Adult child’s claim against father’s Estate rejected in favour of the dutiful child
25 September, 2018Dispute Resolution, Insolvency and LitigationEstate Planning, Estate Administration and Disputes, Trusts and SuperannuationNews & Updates
Claim for Family Provision
What a court considers in family provision claims
While an adult child may make a claim against a parent’s estate if dissatisfied with the share left to them, they may not necessarily succeed.
When such a claim is made, the Court will consider many factors to determine whether adequate provision for the proper maintenance, support, education or advancement in life, has been made for the adult child under the Will. Importantly, the Court will also consider legitimate claims on the estate by other competing beneficiaries.
A family provision claim – Taylor v Taylor
In Taylor v Taylor  WASC 71, the deceased father left a Will in which his estate of $560,272.00 was to be divided between his five adult children. He left $430,000.00 to one of his sons, Allan, and the remainder of the estate was to be divided equally between the four remaining children, one of whom was Lindsay Taylor (the plaintiff). Lindsay brought a family provision application claiming his father did not adequately provide for him because of his circumstances.
Lindsay was 58 years old and employed full time. He and his wife owned assets totalling $419,274.00 at the date of the trial. He had four children and significant health issues which required ongoing medical treatment.
Allan was 45 years old and in good health. He had never married and had no children. In the four years before father’s death, Allan had acted as a carer for the deceased who required a very high level of care. He relied on Allan for basic tasks such as showering, dressing, toileting, wound care, cooking, cleaning, arranging/attending medical appointments, and taking him on outings and appointments. Because of Allan’s devoted care, the deceased could continue living in his own home instead of moving to an aged care facility.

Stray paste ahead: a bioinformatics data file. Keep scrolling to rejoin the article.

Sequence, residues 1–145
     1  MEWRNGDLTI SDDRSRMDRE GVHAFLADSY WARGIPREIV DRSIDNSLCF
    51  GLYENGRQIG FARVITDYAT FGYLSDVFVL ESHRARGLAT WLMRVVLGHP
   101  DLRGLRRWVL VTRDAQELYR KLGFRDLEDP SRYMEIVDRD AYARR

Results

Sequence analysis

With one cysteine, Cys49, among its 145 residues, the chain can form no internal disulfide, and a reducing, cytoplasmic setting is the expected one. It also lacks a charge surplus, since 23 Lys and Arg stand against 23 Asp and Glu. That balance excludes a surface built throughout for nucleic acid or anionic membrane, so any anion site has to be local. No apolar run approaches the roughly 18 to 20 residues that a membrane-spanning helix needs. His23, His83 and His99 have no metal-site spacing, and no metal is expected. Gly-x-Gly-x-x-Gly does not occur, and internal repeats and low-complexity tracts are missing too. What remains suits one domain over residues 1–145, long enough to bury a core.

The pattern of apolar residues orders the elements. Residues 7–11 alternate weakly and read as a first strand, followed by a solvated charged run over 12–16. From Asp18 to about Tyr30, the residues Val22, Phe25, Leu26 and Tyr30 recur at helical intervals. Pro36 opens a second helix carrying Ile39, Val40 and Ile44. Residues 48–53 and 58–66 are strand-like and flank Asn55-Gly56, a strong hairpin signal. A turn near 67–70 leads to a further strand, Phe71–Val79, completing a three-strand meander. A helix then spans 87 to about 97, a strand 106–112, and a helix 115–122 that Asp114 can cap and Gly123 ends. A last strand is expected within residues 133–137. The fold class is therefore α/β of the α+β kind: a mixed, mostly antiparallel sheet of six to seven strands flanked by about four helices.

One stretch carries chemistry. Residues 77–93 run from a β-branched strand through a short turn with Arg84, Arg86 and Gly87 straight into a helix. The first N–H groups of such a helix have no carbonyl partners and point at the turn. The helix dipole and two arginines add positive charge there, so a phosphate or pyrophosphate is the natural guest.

The Court considered factors including Lindsay’s financial position, his ongoing medical needs and his obligation to support others. The Court also considered the existence of any moral claim to the estate. The Court weighed Lindsay’s claim against Allan’s claim, determining that Allan had forgone his own independence to care for his father.
The Court dismissed Lindsay’s application and stated the deceased could distribute his estate in unequal portions between his children if he chose to do so. It was clear the deceased’s decision to leave the majority of his estate to Allan was to express his gratitude for the years of care and selfless conduct by Allan.
Courts try to honour the wishes of the deceased
The Court’s first consideration in any claim is to try to honour the wishes of the deceased as expressed in the Will and to weigh this against the obligations of a ‘wise and just’ testator in possession of the relevant facts about possible beneficiaries. The decision is not about ‘fairness’ or ‘equal treatment’ for all beneficiaries.
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This article was written by Margaret Miller, partner at Bell Legal Group. It is general in nature, is not legal advice and must not be relied on as such.